Daly's encounter with a clover blossom had a great deal to do with her becoming a radical feminist philosopher (Daly 1993, 23). She describes her encounter as follows:
My own existential encounter with a clover blossom happened when I was about fourteen years old. I was lying on the grass after a dip in the local swimming hole in Schenectady, New York. Suddenly the clover blossom spoke two words. It said: "I am." I recall being shocked and amazed...I had the impression that the clover blossom was making a statement about itSelf - not trying to show off or overwhelm me but simply making a point. I could not forget this experience..! had never heard of an intuition like this and had not words for this event. But my life was suffused with it. It guided me on paths...it was connected with my ever-growing conviction that I wanted to become a philosopher, even though I couldn't know exactly what that word meant. (Daly 2006, 46-47)
If a clover blossom could say 'I am,' then why couldn't I? (Daly 1993, 23). Daly describes her encounter with a hedge that provided her with new questions to pursue her desire to become a philosopher (1993, 51-52). She describes her:
... brief but everlasting affair with a hedge on the campus of Saint Mary's College, at Notre Dame, Indiana. I was about twenty-three and was studying for my doctorate at the School of Sacred Theology. ..One morning I happened to walk past a hedge on my way to class. It spoke two words to me. These words were 'Continued existence.' I realized eventually that this was a companion intuition to the earlier one, making explicit the duration of the verb "I am," which refers to participating in Be-ing. It Announced a Now that always Is. (Daly 2006, 47)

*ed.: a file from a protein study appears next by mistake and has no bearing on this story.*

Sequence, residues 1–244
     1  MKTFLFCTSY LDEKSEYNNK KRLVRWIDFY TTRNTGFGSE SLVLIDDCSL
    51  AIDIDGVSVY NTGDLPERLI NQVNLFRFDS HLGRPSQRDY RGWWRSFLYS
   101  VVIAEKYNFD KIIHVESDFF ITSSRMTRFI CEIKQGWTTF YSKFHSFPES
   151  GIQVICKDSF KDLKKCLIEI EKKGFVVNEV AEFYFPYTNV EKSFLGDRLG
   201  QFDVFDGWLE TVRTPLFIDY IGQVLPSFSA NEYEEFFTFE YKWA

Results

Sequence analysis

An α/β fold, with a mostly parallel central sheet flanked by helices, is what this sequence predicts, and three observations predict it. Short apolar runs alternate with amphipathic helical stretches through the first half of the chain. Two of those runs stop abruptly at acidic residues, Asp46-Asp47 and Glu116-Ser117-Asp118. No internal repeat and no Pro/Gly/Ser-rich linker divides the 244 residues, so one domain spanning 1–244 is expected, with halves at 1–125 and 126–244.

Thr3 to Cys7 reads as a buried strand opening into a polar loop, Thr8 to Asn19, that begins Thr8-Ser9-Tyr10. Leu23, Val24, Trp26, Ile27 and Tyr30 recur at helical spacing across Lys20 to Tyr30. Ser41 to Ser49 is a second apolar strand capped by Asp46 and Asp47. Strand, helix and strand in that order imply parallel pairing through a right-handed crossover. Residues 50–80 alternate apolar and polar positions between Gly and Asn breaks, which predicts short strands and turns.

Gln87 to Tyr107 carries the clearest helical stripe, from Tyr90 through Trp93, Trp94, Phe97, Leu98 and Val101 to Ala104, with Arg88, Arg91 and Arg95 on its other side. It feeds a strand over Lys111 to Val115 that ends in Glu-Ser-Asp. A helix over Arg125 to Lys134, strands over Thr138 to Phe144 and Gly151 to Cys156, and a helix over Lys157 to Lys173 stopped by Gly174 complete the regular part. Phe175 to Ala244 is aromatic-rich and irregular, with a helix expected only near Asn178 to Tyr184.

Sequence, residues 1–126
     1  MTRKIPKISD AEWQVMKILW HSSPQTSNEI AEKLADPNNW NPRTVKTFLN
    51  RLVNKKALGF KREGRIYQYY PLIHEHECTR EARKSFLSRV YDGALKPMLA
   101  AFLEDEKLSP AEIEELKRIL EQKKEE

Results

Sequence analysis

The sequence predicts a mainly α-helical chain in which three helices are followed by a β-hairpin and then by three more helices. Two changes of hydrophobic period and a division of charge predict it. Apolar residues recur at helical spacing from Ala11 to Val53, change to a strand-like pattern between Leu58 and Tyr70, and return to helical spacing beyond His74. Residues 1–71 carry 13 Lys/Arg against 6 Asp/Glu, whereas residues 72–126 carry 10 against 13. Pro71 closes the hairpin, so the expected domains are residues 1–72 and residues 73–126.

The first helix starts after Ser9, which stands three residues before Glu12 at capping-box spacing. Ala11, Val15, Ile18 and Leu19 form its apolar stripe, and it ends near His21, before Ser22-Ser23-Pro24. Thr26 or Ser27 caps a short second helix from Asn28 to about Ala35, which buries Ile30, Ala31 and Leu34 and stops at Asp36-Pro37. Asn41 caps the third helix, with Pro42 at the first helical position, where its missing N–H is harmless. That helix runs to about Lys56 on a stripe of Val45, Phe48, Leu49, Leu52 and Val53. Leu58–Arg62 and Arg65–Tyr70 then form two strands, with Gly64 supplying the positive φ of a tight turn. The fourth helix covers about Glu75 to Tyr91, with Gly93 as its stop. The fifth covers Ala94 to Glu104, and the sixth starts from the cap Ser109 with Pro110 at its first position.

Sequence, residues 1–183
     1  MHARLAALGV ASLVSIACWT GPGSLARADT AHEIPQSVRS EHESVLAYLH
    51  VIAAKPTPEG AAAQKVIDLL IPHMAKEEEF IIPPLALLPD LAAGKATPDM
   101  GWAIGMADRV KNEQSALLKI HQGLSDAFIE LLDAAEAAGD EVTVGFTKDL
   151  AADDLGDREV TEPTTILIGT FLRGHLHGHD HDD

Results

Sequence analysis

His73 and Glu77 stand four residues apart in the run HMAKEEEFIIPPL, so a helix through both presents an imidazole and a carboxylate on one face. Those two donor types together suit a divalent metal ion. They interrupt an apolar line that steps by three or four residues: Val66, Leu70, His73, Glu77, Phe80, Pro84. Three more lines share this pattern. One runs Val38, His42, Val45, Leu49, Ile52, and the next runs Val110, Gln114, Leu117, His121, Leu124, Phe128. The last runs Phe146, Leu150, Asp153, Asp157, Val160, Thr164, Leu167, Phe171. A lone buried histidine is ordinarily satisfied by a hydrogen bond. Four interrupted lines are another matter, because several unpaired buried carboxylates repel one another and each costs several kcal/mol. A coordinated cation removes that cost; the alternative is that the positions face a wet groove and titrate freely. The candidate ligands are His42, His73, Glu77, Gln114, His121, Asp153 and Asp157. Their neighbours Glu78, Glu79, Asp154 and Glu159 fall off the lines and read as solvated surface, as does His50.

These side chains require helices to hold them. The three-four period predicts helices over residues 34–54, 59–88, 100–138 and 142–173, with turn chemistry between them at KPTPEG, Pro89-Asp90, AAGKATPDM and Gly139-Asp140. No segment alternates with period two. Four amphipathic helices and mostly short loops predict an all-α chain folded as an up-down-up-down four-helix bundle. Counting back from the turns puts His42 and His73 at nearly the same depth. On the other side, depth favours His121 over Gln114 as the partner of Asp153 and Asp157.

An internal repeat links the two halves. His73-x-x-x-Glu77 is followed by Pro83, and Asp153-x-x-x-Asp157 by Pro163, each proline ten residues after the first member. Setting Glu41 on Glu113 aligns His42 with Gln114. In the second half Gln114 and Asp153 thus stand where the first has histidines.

Daly also describes her 'dream of green', which she had later in her life. While she was a student at the Catholic University of America, she was busy translating Middle English into modern English late into the night and fell asleep, Whilst she slept she dreamed of green:
Elemental, Bedazzling Green. When I woke up, I had a revelation: "Study philosophy!" (Daly 1993, 48)
She interpreted this dream as a sign that she should focus on philosophy (Daly 1993, 49). One day when she was sitting in class, she had a sudden vision of herself 'teaching theology standing at a black board' (Daly 1998, 77).
Daly places these moments carefully in their own contexts and their purpose is to depict Daly's growing 'self-consciousness' and the process by which she calls herself a radical feminist, 'a hag, and a pirate'. She presented these moments within specific temporal frameworks, which are not a representation of a linear series of
events (Campbell 2000, 168-169).
Daly's experience at Fribourg became the catalyst for her decision to leave the Catholic Church in the late 1960s. After the publication of her book Beyond God the Father in 1973, in which she challenged the structure of Christianity as a patriarchal religion and an inherently sexist religion, Daly, who also referred to herself as a radical lesbian feminist, left behind all Christian symbolism and ingrained her theology into that of women's experiences (Suhonen 2000, 114-115).